Family-related leave policies for the 21st century

Capco speaks to about its news pregnancy loss, fertility and menopause policies and its review of maternity leave.



Global management and technology consultancy Capco has joined other leading firms who have recently launched enhanced parental leave and policies on the menopause, pregnancy loss and fertility. 

Interestingly, it has decided, after reviewing uptake, to frontload its maternity pay given that many women do not take more than six months off.

Capco used to offer six weeks’ maternity leave on full pay, followed by 33 weeks on 60% pay. Now it offers 26 weeks on full pay followed by 13 weeks at a lower rate than before. All in all, however, there is a net gain for women.

For those going through menopause, fertility treatment and pregnancy loss, there are up to five days’ paid leave per year. Leave related to fertility issues, which covers partners as well as the person undergoing treatment, covers medical appointments and physical and emotional recovery. Leave related to pregnancy loss covers all birthing and non-birthing parents as well as parents using surrogates.

The new policies, which are part of its attraction and retention strategy, came about after a review of maternity policy and a benchmarking exercise with banks and consultancy firms. “There was a sense that we had to make sure we stacked up against other similar firms,” says HR Director Neil Hunsworth.

It turned out what they were offering was already competitive, but they decided to switch the maternity payments in recognition of women who decided to come back after six months feeling that they were leaving a significant amount of money on the table. “They wanted to come back after 26 weeks, but didn’t want to lose out on the maternity pay that they had not yet claimed,” adds Hunsworth.

Leave policies

As Capco HR managers were reviewing the company maternity policy, they picked up feedback from employees around issues relating to menopause, fertility and pregnancy loss. There was growing coverage of them in the media and an increasing number of coaches and consultants and interest in these areas. Capco had a leave of absence policy which was quite broad, including compassionate leave. It decided to adapt this policy rather than start from scratch to quicken the process.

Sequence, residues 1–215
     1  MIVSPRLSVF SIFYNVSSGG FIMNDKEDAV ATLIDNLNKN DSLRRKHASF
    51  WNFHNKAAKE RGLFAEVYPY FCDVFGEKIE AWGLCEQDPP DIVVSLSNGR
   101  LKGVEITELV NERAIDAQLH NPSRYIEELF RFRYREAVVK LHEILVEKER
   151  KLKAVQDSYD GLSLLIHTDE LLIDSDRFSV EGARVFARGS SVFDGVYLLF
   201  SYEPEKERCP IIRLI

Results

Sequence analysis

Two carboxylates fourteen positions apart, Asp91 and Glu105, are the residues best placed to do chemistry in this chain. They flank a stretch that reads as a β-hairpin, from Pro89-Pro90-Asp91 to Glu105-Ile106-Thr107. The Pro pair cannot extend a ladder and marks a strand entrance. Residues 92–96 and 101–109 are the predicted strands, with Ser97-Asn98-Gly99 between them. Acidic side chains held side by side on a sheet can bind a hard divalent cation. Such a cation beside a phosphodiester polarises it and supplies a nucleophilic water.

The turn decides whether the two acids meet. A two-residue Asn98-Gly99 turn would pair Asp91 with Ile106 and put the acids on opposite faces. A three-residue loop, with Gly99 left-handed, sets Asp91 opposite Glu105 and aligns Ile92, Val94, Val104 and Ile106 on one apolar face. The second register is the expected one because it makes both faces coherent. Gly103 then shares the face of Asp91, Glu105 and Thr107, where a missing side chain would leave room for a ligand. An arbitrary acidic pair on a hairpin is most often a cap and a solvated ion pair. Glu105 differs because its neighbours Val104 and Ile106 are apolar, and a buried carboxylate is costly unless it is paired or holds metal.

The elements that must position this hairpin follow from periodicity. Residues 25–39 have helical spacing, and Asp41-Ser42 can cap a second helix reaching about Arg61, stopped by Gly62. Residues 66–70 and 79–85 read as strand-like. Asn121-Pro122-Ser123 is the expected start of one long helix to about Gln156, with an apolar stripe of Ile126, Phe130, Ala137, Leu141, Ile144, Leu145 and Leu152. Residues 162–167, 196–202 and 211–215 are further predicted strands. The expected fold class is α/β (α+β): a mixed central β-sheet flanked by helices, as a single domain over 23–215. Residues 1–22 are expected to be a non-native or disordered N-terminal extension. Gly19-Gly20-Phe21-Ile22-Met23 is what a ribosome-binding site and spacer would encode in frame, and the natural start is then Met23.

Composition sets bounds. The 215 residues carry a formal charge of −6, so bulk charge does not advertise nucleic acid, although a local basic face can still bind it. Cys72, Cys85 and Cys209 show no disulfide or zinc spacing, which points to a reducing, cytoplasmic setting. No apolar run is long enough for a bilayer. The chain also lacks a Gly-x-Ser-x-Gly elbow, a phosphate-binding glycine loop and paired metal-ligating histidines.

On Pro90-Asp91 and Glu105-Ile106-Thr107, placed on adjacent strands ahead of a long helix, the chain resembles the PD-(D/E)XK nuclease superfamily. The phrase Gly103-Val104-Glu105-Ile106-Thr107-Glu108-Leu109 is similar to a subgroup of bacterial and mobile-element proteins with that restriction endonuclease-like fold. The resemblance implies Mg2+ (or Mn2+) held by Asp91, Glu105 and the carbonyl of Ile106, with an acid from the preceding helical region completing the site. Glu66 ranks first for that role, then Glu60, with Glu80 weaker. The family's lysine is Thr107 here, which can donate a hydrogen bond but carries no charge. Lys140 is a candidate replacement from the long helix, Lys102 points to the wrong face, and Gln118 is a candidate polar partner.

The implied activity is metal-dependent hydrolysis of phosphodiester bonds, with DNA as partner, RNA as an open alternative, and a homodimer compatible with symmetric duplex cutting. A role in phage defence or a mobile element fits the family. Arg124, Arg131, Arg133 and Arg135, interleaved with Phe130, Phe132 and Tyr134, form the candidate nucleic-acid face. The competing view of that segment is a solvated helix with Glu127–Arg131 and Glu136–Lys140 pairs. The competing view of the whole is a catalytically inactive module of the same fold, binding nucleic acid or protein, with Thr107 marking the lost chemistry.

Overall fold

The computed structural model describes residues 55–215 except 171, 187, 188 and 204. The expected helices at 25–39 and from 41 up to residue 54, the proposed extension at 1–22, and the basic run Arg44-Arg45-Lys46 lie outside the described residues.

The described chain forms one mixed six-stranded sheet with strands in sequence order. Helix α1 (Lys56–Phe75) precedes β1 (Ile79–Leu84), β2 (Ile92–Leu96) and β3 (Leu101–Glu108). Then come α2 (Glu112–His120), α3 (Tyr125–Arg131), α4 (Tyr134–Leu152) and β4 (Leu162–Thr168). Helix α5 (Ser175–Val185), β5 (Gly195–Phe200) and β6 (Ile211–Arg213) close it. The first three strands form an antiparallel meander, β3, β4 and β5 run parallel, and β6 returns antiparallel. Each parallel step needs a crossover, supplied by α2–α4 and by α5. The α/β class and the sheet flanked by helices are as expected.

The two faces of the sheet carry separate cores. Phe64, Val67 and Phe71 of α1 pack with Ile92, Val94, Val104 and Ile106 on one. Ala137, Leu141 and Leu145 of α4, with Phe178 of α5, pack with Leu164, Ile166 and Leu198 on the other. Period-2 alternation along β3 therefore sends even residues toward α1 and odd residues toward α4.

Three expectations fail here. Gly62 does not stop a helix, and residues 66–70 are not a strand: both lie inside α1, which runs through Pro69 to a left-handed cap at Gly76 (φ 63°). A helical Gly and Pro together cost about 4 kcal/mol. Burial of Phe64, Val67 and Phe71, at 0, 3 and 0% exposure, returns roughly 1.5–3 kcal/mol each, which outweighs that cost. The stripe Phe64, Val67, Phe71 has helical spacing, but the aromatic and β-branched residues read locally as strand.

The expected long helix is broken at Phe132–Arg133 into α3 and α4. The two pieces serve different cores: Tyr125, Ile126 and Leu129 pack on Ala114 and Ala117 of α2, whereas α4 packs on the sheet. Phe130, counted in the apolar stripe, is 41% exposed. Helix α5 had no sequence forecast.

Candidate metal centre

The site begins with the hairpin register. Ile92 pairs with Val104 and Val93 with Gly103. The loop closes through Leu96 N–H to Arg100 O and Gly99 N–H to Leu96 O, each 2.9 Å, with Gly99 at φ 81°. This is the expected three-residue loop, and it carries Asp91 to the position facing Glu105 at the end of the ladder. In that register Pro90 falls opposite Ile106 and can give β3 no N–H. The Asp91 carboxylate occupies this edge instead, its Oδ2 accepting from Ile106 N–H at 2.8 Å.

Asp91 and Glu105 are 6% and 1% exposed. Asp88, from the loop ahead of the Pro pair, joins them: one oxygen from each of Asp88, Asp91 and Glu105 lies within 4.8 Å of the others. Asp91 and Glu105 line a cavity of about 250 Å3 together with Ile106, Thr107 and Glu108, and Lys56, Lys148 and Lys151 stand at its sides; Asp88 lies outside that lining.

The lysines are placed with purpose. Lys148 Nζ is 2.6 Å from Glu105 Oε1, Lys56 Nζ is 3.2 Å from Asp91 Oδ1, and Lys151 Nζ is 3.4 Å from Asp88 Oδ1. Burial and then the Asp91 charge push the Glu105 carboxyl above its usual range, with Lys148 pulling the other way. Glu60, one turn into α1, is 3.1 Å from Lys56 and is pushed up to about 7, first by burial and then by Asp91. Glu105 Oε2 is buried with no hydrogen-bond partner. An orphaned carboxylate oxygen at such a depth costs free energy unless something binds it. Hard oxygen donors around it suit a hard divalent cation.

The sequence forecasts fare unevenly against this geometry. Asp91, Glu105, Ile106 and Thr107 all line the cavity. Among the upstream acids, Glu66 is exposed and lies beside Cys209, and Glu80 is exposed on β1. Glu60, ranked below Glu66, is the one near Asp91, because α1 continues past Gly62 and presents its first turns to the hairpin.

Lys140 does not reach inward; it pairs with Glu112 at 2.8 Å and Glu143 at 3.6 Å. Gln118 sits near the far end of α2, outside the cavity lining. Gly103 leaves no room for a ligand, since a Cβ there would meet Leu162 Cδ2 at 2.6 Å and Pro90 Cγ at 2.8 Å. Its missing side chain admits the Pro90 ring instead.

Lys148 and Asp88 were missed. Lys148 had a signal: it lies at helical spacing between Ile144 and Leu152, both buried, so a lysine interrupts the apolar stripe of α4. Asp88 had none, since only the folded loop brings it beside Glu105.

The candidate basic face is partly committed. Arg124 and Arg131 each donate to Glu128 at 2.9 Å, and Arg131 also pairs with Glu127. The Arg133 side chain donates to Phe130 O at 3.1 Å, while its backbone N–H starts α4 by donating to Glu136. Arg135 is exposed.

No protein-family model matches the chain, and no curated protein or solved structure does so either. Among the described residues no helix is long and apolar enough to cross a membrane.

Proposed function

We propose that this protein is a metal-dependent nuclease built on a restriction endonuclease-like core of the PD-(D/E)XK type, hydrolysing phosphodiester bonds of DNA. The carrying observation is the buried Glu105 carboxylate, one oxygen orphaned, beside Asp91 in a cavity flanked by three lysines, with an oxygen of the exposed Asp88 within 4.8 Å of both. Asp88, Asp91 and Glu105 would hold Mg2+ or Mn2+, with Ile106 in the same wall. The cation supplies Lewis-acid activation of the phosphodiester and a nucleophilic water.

“We picked up that people were doing one of two things due to the stigma around these issues. They were either using up their holiday, for instance, for IVF appointments, or taking regular days off sick. That meant we had no insight about what our people were experiencing because people were masking the reasons for their absence because of the stigma,” says Hunsworth. “People didn’t feel able to be open and seek support.”

He adds that having specific policies is a way to break that stigma down and bring the issues into the open so people feel more comfortable talking about them. This was backed up by senior leaders going through the perimenopause or menopause talking about the impact so that others in more junior positions felt able to open up.

The policies, which are for both partners in recognition that these issues are shared experiences, were launched on 1st October at a virtual town hall. The next step is to develop network groups, to broaden awareness of the policies and offer support or signpost to resources. Already Capco has shared its policies with BUPA which provides medical help for its workers, with the digital platform Unmind which it uses for mental health support as well as with the nutritionist who works on wellbeing. Other support is offered through its Employee Assistance Programme and My Family Care.

Capco is just one of the more progressive employers who are leading the way on these policies. This week TSB announced that it is introducing equal parental leave, miscarriage leave and support for infertility and menopause as part of a new package for staff. All new parents, including after adoption, will be able to take up to a year’s leave with their child.

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